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Strike shuts down third-biggest U.S. port

Containers are stacked on a ship at the Port in Bayonne, New Jersey during a work stoppage in the harbor of New York January 29, 2016. New York and New Jersey's cargo terminals shut down on Friday after more than a thousand longshoremen walked off the job, shuttering one of the country's busiest port networks.

A labor dispute has shut down one of America's busiest ports.

More than 1,000 union dock workers in New York City walked off the job Friday, halting business at the Port Authority of New York and New Jersey shipping terminals. The bi-state agency operates a vast complex of terminals in Newark, Elizabeth, Brooklyn and Staten Island and rents those facilities to 40 different shippers.

In a statement, the Port Authority confirmed the walkout and asked members of the International Longshoremen Association (ILA) to return to work. "As the agency that oversees the largest port complex on the East Coast, we strongly urge the ILA members to return to work immediately and resolve their differences after they return," the agency wrote. "In the meantime, Port Authority Police are actively working to ensure public safety for all of the stakeholders at the port."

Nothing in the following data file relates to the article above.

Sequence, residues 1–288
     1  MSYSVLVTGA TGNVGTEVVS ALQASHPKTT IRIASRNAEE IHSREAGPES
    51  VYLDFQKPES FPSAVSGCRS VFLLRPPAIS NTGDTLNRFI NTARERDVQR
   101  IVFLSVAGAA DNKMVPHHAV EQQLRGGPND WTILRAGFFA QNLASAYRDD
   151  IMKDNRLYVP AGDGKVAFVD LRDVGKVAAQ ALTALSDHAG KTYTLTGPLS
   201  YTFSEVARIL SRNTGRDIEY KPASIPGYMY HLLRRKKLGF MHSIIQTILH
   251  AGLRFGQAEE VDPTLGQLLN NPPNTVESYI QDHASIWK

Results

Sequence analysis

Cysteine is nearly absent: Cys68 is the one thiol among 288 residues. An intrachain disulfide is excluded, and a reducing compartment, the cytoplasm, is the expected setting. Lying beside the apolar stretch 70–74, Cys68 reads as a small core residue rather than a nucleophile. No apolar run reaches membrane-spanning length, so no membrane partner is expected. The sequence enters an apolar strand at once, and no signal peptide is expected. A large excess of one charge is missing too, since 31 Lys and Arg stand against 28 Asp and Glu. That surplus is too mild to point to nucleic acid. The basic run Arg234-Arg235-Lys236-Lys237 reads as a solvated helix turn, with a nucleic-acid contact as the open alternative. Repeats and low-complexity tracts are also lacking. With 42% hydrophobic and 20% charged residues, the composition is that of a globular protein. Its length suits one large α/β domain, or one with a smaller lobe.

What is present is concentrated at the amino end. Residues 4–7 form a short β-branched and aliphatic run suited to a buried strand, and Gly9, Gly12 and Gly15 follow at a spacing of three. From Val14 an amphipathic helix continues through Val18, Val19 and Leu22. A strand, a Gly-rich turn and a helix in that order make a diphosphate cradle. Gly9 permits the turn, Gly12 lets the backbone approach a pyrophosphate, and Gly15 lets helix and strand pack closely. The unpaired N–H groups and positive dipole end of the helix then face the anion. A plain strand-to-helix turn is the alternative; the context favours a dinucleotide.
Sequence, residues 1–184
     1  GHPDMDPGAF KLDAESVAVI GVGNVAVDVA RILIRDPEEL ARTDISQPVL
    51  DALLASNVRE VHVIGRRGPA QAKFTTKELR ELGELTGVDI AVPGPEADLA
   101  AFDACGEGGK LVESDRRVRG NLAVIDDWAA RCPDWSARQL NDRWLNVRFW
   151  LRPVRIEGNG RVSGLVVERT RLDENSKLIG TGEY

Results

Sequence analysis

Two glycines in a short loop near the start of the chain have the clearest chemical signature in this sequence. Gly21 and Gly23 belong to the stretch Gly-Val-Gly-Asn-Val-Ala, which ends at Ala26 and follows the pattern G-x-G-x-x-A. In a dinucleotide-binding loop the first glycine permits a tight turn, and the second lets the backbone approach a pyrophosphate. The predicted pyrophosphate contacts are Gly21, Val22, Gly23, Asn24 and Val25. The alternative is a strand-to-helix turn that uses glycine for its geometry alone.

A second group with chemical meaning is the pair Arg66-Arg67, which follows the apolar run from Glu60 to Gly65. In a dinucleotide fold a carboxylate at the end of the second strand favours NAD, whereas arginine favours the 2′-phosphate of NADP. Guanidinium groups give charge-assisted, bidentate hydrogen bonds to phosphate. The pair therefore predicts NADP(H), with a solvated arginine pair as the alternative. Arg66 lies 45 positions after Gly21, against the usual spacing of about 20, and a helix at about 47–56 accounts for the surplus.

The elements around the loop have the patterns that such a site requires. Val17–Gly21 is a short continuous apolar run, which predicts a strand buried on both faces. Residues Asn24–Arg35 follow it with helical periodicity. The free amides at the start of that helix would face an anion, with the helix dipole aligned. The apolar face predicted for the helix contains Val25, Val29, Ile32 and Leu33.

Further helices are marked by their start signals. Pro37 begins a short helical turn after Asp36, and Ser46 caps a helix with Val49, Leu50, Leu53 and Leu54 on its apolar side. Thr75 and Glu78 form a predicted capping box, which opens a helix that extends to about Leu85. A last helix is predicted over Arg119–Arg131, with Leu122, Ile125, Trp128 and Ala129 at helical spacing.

A spokesperson for the New York Shippers Association (NYSA), which represents the port's shipping companies, told CBS MoneyWatch the group believes the job action constitutes an "illegal strike" because the ILA is operating under a current and binding contract.

The ILA, headquartered in North Bergen, New Jersey, did not answer the phone. A spokesman for the group told Bloomberg News that workers were striking over what they perceive as interference by the Waterfront Commission in the collective bargaining agreement between the ILA and NYSA. The Waterfront Commission was created in the 1950s to fight crime.

"I am told the last time something like this happened was back in 2010," Beverly Fedorko, the NYSA's spokesperson, said.

The Port of New York and New Jersey is the busiest on the East Coast, ranking third nationally after the ports of Los Angeles and Long Beach, California. Sources close to Port operations, who were not cleared to comment for the media, said the biggest immediate logistical issue was working with the terminal operators to get trucks that were trapped in the terminals out of the facility.

According to the last available data from 2014, the Port of New York and New Jersey handled 73.6 million metric tons of freight with 18.1 million metric tons coming in as imports and 55.5 million metric tons going out as exports. That same year the port handled close to 650,000 cars, with 272,000 leaving as exports and 368,000 coming in from overseas.

The Port of New York and New Jersey handles about $200 billion worth of cargo annually. In the era of real-time delivery, where companies strive to keep inventory levels as low as possible, a protracted shipping delay can hurt business.

In 2012, a federal mediator had to be brought in to help the ILA and the NYSA reach a contract settlement. The union had voted that year to strike, but members stayed on the job. At issue in that protracted negotiation was the continued payment of royalties for every container handled in the port.

Across the industry, a move to replace union labor with machines has been a major sticking point between labor and management. Unionized dock workers are some of the highest-paid hourly wage employees in the country, reaching the high five figures, or higher, depending on seniority and overtime.